CCG members acknowledged that malicious or accidental breaches can happen when staff may be more vulnerable because of anxieties increasing due to Covid-19 while juggling home-schooling, home working or other stresses. This can be exacerbated by longer working hours resulting in fatigue and potentially poor decision making.
Finally, CCG members noted that we may never see a permanent solution to mitigating insider threat, due to its unpredictable nature. For the most part, firms mentioned monitoring of users and system activities as the main way to mitigate against insider threat, alongside an increase in awareness training and monitoring of staff wellbeing.
Section 3: Supply chain security
CCG members regularly identify that the risks associated with their supply chains and third-parties are a major cyber and operational resilience priority. In 2020, supply chain security was one of our focus topics for the CCG meetings.
CCG members identified several key issues associated with third-party risk management and discussed potential ways to mitigate against these risks. Throughout, members recognised that third-party risk management is a complex issue which encompasses third-parties of varying sizes, introducing complicated levels of risk that are hard to manage. This risk increases particularly as firms scale up and use additional third-party providers. CCG members agreed that a ‘one size fits all’ approach is not appropriate, and that these challenges require an adaptive approach.
General good practice
CCG members discussed a variety of good practices to handling third-party risk management and assurance. Common opinions across the CCG meetings included:
- Members agreed that some of the better strategies to carry out third-party risk due diligence include independent audits of third-party systems, assurance that a third-party has strong security certifications and concise security questionnaires.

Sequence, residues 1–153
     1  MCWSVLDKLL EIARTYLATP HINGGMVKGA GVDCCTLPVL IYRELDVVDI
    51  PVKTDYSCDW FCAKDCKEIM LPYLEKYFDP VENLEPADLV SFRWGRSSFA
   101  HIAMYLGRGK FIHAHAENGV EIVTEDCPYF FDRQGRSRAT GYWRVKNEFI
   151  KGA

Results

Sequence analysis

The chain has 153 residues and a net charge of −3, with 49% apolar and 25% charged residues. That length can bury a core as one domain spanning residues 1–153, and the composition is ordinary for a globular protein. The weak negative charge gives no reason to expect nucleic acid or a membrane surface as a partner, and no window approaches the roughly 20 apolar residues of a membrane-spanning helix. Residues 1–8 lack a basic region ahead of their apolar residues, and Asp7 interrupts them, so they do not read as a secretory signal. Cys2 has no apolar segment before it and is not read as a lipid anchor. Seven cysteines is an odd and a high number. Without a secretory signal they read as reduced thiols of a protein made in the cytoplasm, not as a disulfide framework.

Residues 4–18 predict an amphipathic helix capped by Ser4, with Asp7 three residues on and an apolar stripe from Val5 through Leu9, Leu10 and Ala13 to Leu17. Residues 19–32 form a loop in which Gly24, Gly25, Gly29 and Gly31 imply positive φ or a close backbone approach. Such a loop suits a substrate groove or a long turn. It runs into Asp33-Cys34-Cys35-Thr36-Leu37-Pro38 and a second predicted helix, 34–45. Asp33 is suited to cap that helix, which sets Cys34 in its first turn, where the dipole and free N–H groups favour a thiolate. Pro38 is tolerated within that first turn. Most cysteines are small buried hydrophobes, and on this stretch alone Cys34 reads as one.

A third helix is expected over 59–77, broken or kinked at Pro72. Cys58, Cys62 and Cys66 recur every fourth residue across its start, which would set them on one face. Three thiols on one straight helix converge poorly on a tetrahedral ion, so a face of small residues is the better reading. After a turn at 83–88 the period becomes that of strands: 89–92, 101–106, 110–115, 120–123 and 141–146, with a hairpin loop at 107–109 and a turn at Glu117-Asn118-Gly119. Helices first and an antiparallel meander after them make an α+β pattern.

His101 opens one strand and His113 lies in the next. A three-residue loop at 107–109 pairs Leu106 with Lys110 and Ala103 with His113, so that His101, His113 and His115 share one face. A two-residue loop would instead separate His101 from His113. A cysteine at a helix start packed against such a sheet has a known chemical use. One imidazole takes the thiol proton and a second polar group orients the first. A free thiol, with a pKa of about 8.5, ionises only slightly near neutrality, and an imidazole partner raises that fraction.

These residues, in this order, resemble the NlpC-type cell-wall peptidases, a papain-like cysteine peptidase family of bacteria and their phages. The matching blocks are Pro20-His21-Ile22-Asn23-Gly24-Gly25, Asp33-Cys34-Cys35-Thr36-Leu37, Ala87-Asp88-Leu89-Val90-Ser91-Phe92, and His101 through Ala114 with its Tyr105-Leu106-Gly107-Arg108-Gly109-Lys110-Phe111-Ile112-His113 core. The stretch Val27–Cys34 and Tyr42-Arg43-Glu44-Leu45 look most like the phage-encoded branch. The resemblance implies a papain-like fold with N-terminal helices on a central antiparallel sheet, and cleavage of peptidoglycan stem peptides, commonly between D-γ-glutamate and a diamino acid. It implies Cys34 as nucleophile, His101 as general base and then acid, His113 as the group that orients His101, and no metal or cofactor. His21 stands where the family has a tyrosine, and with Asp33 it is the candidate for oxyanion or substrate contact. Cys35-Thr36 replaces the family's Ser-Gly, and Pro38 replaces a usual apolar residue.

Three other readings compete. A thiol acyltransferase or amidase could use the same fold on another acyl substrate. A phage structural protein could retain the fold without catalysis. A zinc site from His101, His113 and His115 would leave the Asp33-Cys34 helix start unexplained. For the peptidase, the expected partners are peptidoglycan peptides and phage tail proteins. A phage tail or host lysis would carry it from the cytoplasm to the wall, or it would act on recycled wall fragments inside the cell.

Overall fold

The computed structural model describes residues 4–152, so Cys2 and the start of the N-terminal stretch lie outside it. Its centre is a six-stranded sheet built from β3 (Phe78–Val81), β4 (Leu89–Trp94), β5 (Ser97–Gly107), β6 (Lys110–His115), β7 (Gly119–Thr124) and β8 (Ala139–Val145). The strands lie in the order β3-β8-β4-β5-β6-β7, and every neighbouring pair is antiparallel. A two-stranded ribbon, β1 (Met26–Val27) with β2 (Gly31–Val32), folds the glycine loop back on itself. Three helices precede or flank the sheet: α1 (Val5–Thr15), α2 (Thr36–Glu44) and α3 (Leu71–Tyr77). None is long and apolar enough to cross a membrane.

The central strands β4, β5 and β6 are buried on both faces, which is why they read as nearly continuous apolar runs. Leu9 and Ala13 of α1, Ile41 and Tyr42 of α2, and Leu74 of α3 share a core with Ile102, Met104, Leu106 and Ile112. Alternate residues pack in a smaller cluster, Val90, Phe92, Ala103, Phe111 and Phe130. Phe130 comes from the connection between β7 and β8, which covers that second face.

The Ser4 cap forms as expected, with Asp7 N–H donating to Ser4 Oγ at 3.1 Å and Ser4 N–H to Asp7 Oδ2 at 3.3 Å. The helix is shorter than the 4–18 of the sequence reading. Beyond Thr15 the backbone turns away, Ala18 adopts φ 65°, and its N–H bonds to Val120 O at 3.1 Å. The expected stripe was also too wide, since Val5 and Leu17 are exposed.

- CCG members considered security questionnaires a somewhat flawed approach, but currently serve a purpose in providing a reasonable standard of risk oversight while being simple to implement. Security questionnaires are prone to over optimistic responses from third-party suppliers, which needs to be accounted for in the evaluation of risk. Members also agreed that, when questionnaires are used, a short question set that probes meaningful areas of risk is much more beneficial than long and complex questionnaires.
- Members acknowledged that responses to document requests or questionnaires do not always answer all risk management questions, and that instead fostering a good relationship between a third-party supplier’s security team and a firm’s risk management team is an excellent way to gain more bespoke, targeted risk assurance. This approach is not always possible, however, especially with large suppliers.
- Members agreed on the need to follow a standard approach if a third-party supplier is compromised, based on the degree and extent of impact. To best implement this, a robust risk management framework should be in place, coupled with a strong accountability chain within a firm. To help ensure an accountability chain is robust, education of third-party cyber risks across senior management teams is essential. Members highlighted that if business decisions are being made based on third-party risk due diligence, then a good understanding of third-party cyber risk must be in place at a senior level.